• Great answer! What you're saying really forces me to think about the semantics of the link and its context -- is the page that the link goes to more valuable to a user (like to a specific product) or is the page containing the link more valuable (like a topical page about the general product category). You have provided good food for thought
    – CreMedian
    Jul 30, 2015 at 16:19
  • 2
    @CreMedian Ironic you should ask. I just answered that question the other day. Here it is: webmasters.stackexchange.com/questions/83238/…
    – closetnoc
    Jul 30, 2015 at 16:22

Run an A/B test, it's the only way to really know--regardless of what has worked for others or what has worked in the past--nothing beats testing.

If you don't want to test and just want an answer you might be in the wrong line of work but let me share my totally untested opinions anyway:


Panda punished sites with too many ads "above the fold," as long as these images are on the same domain they probably won't be considered ads.

Actual <img /> images are considered content (unless quite small) and therefore should have alt text, they are also given higher priority in loading and rendering than CSS background images so there are accessibility and (contradictory) performance considerations. It's easier to scale HTML images but to control the cropping/positioning of background images.

Plain Ol' Semantic HTML

If these images are repeated frequently and mostly identical throughout the site then they are probably better suited to background images as they aren't really content, they are really navigation.

If these images are more targeted--offers that are highly relevant to the places where they are located--then they are part of the "content" of those pages and should be <img /> images with alt text (for accessibility and usability).

Title attribute?

I think @closetnoc is referring to title attributes (which are valid on any HTML element and generally display as tootltips on hover) but it's plausible he means the <title> element of the page that the link points to.

I'm going to assume that he means title attribute and the jury is out on how much, if any, significance Google gives the title attribute (google it).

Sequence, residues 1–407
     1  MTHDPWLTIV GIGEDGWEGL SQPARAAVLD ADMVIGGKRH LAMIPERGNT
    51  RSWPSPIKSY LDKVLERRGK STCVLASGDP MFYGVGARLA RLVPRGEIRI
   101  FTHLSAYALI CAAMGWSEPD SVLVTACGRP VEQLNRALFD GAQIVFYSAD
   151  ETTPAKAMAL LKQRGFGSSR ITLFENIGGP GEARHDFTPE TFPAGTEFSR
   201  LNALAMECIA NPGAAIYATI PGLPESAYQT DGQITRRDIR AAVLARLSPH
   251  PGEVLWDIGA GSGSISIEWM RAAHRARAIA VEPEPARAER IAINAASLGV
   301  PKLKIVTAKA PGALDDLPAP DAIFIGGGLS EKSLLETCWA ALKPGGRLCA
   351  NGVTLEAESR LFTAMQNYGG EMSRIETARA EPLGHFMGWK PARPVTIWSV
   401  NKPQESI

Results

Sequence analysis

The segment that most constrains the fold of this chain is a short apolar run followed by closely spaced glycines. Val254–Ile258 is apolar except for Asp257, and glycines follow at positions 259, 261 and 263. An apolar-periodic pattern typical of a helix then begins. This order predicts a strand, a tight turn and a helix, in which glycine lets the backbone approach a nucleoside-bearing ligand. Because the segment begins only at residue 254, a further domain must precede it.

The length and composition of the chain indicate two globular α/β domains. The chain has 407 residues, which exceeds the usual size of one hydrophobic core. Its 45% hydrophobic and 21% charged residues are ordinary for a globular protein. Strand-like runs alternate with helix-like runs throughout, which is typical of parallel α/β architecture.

Google encourages using the title attribute on images, but nothing on using it on links (if you go the CSS background image method).

And there's plenty of claims that the title attribute is ineffective at influencing ranking and indexing, see here and here.

I don't know if I believe it has any SEO value at all (might have value to users) or not, which is why I encourage you to test and see.

Pattern Detection

Google is great at detecting and discounting patterns: think "duplicate content."

The more "unique" content you have the better so I suspect a mixture of the 2 techniques, with as much variation as possible in images, alt text and anchor text as possible will be the most effective.

A/B Testing to the Rescue!

Why guess when you can test?

  • I am talking about a time frame of 1997 where Google was a research project and the clues given in the original research paper that still permeate Google's primary methods today. I am talking about the title tag and not about the title attribute which did not exist at the time. Of paramount importance is the title tag, link text, content block surrounding the link on both pages (source and target), and the content itself seen as text. These make-up the trifecta in SEO performance that must exist before anything else. SEO is really a simple process following search history.
    – closetnoc
    Aug 7, 2015 at 15:32
  • Indeed. Amazing how often SEO's overthink things without reviewing fundamentals--you can learn a lot by looking over Google's Patent applications.
    – adam-asdf
    Aug 8, 2015 at 21:52
  • That is exactly what I do. I also look at research papers, books written by the engineers, and so on. I combine that with my experience in large-scale development, database, AI, semantics, and so on. I am semi-retired and had to dust of a few things... ;-) ...including my books.
    – closetnoc
    Aug 8, 2015 at 23:22